The Underground Lady [Page Thirty-Nine]

A long familiarity with an illness gives one a pretty good sense of where one’s weaknesses lie, and also a pretty good idea of how the end will come.  A chronic illness—because it is the same illness progressing over time, with the same symptoms either deepening or expanding, branching out to undermine one’s health in every way—presents the sufferer with the same problems, the same obstacles, again and again.  For example, I have a long record of terrible infections in my ear canals and bronchia, one symptom of an underlying chronic condition.  And although my general health seems good today, when the underlying illness reaches a certain point, I am certain, I will die of pneumonia.  This may be years from now, decades even, and yet, I know.  Unlike most people, I know precisely how I will die.  This is a strange sort of knowledge, and it lends one a strange wisdom:  Do what you want and do it today, do it all, but don’t begin unduly long projects, and say what you mean to say without hesitation.  For the healthy, this is noise.

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In some very poor communities, especially where ethnic and religious ties are very strong, and where the community has remained relatively insulated from the world around it for a long time, strange practices persist, barely hinted at in public (largely because they have become general assumptions held by all), and hardly noticeable to the outsider except as a strange tendency or local tic.  For instance, it was common in one poor urban neighborhood where I lived for a while, for the residents to “borrow” each other’s cars without asking.  The keys were almost always left in the ignition, since the vehicles owned by the local inhabitants were brokedown, rattletrap machines that no thief would have given a second look.  People would simply get in and drive off, accomplish whatever errand they had to, and then return to the same spot, leaving the keys for the owner or the next casual user.  This would seem appalling to most middle class people, or impossible—and both these responses show a lot about them.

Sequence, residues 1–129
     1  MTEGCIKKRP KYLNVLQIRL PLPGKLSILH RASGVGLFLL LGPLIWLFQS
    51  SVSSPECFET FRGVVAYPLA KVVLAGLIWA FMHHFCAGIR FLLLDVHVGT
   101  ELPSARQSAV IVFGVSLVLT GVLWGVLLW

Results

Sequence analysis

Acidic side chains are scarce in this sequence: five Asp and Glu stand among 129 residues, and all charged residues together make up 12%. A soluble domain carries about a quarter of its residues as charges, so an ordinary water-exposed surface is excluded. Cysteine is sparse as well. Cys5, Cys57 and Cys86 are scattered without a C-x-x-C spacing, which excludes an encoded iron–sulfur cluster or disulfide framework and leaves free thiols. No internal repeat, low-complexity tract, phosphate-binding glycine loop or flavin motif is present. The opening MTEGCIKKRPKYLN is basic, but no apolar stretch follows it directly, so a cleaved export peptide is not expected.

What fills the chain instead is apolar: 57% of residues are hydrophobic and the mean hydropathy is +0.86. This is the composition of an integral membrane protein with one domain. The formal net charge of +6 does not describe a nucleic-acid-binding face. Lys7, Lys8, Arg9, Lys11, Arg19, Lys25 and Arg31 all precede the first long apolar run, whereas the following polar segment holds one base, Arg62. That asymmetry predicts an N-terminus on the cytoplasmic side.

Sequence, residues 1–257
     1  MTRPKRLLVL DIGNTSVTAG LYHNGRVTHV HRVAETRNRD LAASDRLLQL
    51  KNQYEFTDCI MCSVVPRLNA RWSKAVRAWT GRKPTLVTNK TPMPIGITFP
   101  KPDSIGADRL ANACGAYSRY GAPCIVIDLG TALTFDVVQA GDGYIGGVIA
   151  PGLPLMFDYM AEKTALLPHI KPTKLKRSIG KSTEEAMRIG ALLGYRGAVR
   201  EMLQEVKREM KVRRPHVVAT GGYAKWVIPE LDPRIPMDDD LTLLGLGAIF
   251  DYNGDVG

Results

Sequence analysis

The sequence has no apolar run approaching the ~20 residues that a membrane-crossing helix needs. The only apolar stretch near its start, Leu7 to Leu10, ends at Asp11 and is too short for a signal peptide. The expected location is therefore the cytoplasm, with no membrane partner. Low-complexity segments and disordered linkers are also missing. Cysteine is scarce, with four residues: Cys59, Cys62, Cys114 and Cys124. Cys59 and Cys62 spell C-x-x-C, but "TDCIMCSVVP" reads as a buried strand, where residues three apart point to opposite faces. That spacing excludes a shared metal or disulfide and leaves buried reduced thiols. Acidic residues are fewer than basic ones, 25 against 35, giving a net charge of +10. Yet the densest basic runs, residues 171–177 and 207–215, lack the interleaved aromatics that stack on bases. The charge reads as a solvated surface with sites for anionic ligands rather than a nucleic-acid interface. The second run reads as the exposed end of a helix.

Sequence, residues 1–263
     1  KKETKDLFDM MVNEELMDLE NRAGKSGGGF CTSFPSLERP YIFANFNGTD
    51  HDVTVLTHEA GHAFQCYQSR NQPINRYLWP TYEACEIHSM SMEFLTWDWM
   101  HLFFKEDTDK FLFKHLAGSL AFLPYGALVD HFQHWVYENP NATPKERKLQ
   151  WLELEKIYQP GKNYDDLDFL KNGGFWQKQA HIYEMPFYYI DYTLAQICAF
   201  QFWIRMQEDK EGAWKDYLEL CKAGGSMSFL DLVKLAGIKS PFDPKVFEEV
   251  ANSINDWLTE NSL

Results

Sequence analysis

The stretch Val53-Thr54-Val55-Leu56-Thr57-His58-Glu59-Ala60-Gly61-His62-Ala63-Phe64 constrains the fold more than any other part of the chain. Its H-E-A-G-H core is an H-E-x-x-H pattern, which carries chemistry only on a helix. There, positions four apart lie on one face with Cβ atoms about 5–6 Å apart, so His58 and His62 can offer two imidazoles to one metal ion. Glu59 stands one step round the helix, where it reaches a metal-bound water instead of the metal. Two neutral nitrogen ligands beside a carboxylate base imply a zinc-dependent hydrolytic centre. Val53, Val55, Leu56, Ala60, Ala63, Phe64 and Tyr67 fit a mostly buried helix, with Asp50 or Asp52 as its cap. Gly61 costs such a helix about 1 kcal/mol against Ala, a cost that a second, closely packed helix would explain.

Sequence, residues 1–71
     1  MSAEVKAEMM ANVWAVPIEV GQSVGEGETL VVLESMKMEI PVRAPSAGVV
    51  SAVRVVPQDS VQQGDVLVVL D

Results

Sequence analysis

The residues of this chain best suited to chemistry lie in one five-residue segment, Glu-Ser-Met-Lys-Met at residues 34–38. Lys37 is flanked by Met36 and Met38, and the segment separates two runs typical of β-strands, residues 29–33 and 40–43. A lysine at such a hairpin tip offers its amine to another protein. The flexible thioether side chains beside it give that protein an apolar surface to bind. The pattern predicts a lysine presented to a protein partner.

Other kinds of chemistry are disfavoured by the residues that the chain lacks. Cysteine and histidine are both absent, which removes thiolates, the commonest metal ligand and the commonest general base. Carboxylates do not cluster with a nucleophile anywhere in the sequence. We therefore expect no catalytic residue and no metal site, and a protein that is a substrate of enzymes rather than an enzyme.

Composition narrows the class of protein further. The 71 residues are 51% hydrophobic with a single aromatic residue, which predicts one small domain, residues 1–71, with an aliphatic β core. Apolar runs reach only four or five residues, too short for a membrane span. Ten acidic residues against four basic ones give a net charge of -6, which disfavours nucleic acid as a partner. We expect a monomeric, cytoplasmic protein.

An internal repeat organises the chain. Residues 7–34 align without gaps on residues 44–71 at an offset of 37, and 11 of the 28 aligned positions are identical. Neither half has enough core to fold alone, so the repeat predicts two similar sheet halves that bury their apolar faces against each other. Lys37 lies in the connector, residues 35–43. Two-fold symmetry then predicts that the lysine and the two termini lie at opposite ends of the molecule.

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The belief in the power of the larger, dominant culture to determine the substance, shape and tone of life, is limited.  In America and Europe, the dominant culture reflects itself back onto its believers through the mediatized mind, and with each repetition, and intensification, it retreats further into itself, further into a fantasy of absolute power that is more and more unreal.  One realizes this, upon finding oneself in the type of poor neighborhood mentioned above, where the residents are perfectly aware of the reaction that would be forthcoming from a non-participant in their culture.  Here, according to the desperately self-referential logic of the “majority,” everything is upside down, and a person who held the dominant mindset, nurtured and developed along strictly status quo lines, would feel lost—not threatened, simply, left alone.  Of course, such people are alone from the start.  They insist upon it.